Translating as “mouth of the Aeron”, Aberaeron is a picturesque coastal village between Aberystwyth and Cardigan. It was the site of a 12th-century fortification built by King Cadwgan and is a rare example of a planned Welsh town. Colourful houses, independent boutiques and craft centres now cluster around its harbour, which connects to the dolphin-filled waters of Cardigan Bay.
Things to do in Aberaeron
Aberaeron can be visited while hiking the Wales Coast Path, a long-distance walking trail that stretches for 1,400 kilometres from Chepstow in the south of the country to Queensferry in the north. For a shorter stroll, head to the pebbly shores of Aberaeron Beach where the River Aeron flows into Cardigan Bay.
Cardigan Bay is just one of two places on the British coastline where bottlenose dolphins can be seen in the wild, with the numbers peaking during September and October. Several companies offer dolphin spotting cruises from the nearby village of New Quay. In addition to exploring the Cardigan Bay Special Area of Conservation, they include insightful narration about dolphin behaviour and lifecycles.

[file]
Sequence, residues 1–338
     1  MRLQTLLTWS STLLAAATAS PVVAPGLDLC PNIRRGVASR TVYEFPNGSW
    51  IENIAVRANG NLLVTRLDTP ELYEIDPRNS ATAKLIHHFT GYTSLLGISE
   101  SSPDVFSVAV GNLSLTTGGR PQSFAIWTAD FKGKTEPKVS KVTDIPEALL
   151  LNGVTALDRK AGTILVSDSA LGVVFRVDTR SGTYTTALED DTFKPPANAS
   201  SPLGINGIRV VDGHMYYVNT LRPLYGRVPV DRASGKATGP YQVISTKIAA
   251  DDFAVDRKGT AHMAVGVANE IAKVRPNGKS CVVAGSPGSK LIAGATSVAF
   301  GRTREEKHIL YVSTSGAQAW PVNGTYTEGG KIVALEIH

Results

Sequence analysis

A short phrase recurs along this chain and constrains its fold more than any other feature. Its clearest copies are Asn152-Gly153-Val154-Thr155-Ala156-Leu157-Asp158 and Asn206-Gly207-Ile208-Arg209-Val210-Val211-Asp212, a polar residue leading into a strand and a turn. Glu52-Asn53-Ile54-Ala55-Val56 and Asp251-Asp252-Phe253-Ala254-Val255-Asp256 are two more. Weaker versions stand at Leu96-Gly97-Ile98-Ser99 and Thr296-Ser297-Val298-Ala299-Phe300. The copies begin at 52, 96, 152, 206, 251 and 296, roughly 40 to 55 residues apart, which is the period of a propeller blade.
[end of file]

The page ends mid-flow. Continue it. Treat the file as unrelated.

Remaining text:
A short drive inland from Aberaeron is the National Trust-owned Llanerchaeron, a traditional Welsh estate that remains largely unchanged since the 19th century. It features an elegant villa designed by John Nash, as well as servants’ quarters, horse stables and a walled kitchen garden. In addition to admiring the Victorian greenhouse, you can get up close to Llanwenog sheep and Welsh black cattle on the estate’s working organic farm.
Getting around Aberaeron
Aberaeron is around 30 minutes’ drive from Aberystwyth and 1.5 hours from Swansea while Cardiff Airport is two hours away. Buses connect from Cardiff to Aberaeron and the town is small enough to explore on foot. A long-distance walking trail connects to the coastal villages both north and south of Aberaeron.